We were taken by surprise by President Clinton’s comments on world AIDS day and wish that someone had consulted with us before he made these comments. As you will see when you read this memo, we think that publicly pressuring the US and European AIDS drug companies to lower prices and bringing pressure to allow generic AIDS drugs into the United States will have limited if any success and could seriously jeopardize our negotiations to continually lower prices in poor countries. We also believe that there are other more impactful ways to address the US AIDS crisis today. We have always told the drug companies that we would not pressure them and create a slippery slope where prices they negotiate with us for poor countries would inevitably lead to similar prices in rich countries. If we were going to change our view on this, we should have informed the companies before President Clinton went public with his statement and attempted to negotiate a way for them to participate in and get credit for whatever steps we could have persuaded them to take to help the crisis in the states. We might or might not have been successful in getting them to do something, but we believe the chances of success would have been higher than by trying to pressure them through a public campaign. It has taken us many years to build positive relationships with these companies while at the same time pushing them to continually lower their prices. We will now have to try to repair these relationships.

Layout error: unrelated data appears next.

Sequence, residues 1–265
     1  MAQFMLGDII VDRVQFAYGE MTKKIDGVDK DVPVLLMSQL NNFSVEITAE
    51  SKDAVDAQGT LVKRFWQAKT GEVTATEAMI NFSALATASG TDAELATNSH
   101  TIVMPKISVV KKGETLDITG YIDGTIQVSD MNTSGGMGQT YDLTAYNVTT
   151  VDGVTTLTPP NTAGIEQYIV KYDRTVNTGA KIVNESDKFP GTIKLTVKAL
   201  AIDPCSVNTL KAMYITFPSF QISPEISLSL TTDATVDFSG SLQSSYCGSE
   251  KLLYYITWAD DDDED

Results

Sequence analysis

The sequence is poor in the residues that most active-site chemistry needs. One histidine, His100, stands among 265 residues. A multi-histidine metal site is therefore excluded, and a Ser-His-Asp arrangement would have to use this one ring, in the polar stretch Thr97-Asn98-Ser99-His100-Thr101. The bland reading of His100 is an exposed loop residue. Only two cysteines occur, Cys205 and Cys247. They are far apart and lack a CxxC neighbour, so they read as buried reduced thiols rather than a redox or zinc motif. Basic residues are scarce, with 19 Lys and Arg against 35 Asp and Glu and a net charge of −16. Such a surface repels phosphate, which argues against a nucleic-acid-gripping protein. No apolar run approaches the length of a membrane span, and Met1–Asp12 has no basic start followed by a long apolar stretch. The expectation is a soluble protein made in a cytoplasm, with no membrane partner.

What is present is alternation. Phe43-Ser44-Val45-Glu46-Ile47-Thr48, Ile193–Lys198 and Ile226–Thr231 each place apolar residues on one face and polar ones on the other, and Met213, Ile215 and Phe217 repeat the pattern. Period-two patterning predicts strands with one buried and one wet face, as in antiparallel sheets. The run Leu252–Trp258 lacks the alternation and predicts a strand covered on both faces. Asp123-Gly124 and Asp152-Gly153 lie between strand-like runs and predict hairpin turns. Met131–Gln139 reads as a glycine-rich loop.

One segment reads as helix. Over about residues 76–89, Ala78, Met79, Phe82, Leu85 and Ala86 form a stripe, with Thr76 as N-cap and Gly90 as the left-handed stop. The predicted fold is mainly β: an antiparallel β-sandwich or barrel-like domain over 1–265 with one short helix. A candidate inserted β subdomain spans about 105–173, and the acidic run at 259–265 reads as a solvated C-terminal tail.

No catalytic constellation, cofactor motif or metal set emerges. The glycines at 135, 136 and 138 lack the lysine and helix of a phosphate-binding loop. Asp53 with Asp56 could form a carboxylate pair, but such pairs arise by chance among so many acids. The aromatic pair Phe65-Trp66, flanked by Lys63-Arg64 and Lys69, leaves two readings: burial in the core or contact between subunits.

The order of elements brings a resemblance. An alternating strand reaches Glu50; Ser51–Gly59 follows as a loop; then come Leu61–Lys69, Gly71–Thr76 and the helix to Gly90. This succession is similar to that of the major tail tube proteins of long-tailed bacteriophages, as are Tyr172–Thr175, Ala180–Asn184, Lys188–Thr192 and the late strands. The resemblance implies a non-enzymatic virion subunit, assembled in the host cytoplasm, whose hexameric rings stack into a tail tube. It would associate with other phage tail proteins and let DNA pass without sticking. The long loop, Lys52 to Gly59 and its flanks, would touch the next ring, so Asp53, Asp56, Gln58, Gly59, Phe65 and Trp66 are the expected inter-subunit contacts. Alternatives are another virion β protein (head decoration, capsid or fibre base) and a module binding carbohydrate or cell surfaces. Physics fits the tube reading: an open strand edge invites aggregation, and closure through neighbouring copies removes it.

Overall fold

Since President Clinton’s comments were made, we have been contacted by a number of advocacy groups who are now intending to wage a public campaign to bring in generics and lower drug prices. We do not feel we can participate in this without jeopardizing our work around the world. We cannot oppose what they might do, but we also cannot be publicly supporting it either. This campaign will not get started until January, so we have some time to figure out and act upon our own strategy. If we do try to do something in this area, we suggest that we approach the innovator companies that can currently sell products in the US with the idea of making donations to help clear the ADAP lists. For a variety of reasons, the companies will likely favor a donation approach rather than one that erodes prices across the board. I would guess that they would also likely favor a solution that involved their drugs rather than an approach that allowed generic drugs from India to flood the US market at low prices or one that set a precedent of waiving patent laws on drugs. This will be complicated to work out, but it might be possible. We would have to initiate discussions with multiple state health officials as well as HHS in addition to talking with the drug companies. If President Clinton wishes for us to be proactive, we suggest that we try a cooperative approach first. We can go to war with the US drug companies if President Clinton would like to do so, but we would not suggest it.